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  • $\begingroup$ So, there's no proof for that. But your argument seems fine to me. I looked up the prime number theorem. I read one thing that the probability of a number greater than N being prime is close to 1/log(N). This means that the probability tends to zero when N is large. Doesn' that mean that if an expression for the nth prime number exists, then it would also grow very fast for large n. $\endgroup$ – Dove Jan 22 '17 at 4:48
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    $\begingroup$ @Dove: Not all that fast -- $p_n$ grows faster than a linear polynomial, but much slower than a quadratic one. (The theory of asymptotic growth gives a solid technical meaning to these arguments about "very fast" and "not as fast" -- there is realy no wiggle room here). $\endgroup$ – Henning Makholm Jan 22 '17 at 4:53
  • $\begingroup$ @HenningMakholm what happens if we allow for complex coefficients? You can probably do the same thing using something similar to the proof of louivilles theorem $\endgroup$ – Jorge Fernández Hidalgo Jan 22 '17 at 4:56
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    $\begingroup$ @JorgeFernándezHidalgo: Since we're assuming that the polynomial is real at each positive integer, it would equal its complex conjugate at those points too. But two polynomials that agree at infinitely many points are identical, so each of its coefficients equals its conjugate, so the coefficients are real. $\endgroup$ – Henning Makholm Jan 22 '17 at 5:01
  • $\begingroup$ Oh, that's really cool @HenningMakholm. $\endgroup$ – Jorge Fernández Hidalgo Jan 22 '17 at 5:04
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While Henning Makholm's answer is fantastic, I just feel a little uncomfortable to use so high-tech as the Prime Number Theorem.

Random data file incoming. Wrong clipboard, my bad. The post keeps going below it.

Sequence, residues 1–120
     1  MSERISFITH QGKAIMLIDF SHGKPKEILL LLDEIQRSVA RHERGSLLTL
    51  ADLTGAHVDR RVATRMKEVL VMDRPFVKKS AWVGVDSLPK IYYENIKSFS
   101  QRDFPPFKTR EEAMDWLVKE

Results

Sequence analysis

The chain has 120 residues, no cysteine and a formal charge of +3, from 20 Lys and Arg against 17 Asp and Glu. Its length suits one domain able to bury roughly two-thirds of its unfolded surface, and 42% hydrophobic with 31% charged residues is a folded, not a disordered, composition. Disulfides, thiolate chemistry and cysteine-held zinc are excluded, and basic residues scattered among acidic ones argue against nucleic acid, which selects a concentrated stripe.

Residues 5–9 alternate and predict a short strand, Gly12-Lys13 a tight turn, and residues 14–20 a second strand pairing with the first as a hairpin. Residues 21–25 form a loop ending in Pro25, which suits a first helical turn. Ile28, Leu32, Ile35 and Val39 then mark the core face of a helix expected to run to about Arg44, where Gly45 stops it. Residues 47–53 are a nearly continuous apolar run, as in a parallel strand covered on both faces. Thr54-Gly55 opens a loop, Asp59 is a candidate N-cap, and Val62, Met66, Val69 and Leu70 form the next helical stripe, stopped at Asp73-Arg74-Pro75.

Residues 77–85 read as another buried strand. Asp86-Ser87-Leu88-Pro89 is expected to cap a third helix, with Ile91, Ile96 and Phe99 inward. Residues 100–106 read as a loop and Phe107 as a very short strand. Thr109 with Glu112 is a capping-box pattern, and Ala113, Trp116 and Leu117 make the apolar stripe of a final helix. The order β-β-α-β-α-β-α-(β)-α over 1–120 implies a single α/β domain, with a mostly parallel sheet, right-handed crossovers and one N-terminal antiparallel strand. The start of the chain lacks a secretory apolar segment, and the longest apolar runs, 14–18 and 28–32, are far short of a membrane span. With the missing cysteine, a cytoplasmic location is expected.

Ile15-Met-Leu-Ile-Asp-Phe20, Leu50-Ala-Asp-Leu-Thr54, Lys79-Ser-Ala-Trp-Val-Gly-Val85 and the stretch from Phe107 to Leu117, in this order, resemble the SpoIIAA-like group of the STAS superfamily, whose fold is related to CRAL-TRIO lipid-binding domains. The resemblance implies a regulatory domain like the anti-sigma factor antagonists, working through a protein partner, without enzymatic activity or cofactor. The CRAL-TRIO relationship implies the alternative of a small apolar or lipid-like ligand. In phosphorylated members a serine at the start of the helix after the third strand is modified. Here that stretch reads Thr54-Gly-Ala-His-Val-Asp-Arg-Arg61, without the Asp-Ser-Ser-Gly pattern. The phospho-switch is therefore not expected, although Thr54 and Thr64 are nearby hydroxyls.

Indeed, the reason behind the fact that no polynomial can interpolate the sequence of all primes is that there are too much primes. To be precise, we know that the primes are not an arithmetic sequence, so if a polynomial $q$ were to interpolate them it would need to have degree $\geq2$. This is key because we know that$$\sum_p\frac{1}{p}=+\infty,$$ while if $\deg q\geq2$ then we must have $$\sum_n\frac{1}{q(n)}\leq C\sum_n\frac{1}{n^2}<+\infty$$ for some constant $C$.

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I can't resist the following nuke: suppose $f(x)$ is a polynomial, with leading term $a_kx^k$, such that the $n$th prime is $f(n)$. Clearly $f$ can't be linear; and now it's not hard to see that $\lim_{x\rightarrow\infty}f'(x)=\infty$, which means that we have:

For all $N$, there is some $n$ such that for all $m>n$ we have $f(m+1)-f(m)>N$.

But this is known to be false.


EDIT: Yet another nuke. It's also true that $f''$ goes to infinity (technically to conclude this we need to show that $f$ must have degree $\ge 3$, but that's not hard). So let $x$ be such that for all $y>x$, $f''(y)>0$ and $f'(y)>0$; then there are no $z>y, a>0$ such that $$f(z+a)-f(z)=f(z+2a)-f(z+a);$$ that is, there are only finitely many arithmetic sequences of length $\ge 3$ contained in the primes. But this contradicts the Green-Tao theorem: for any $n$, an arithmetic progression of length $n+2$ witnesses the fact that there are at least $n$-many length $3$ arithmetic progressions in the primes.

I do not immediately see a nuke via the third derivative of $f$.

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  • $\begingroup$ Oh, sweet!${}{}{}$ $\endgroup$ – Jorge Fernández Hidalgo Jan 22 '17 at 4:57
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    $\begingroup$ @JorgeFernándezHidalgo I mean this is the worst possible proof, but I thought it was cute. :P (And I added another!) $\endgroup$ – Noah Schweber Jan 22 '17 at 4:58
  • $\begingroup$ Interestingly, neither nuke gets the stronger result Robert Israel mentions, that no nonconstant polynomial takes on only prime values on positive integer inputs. $\endgroup$ – Noah Schweber Jan 22 '17 at 5:58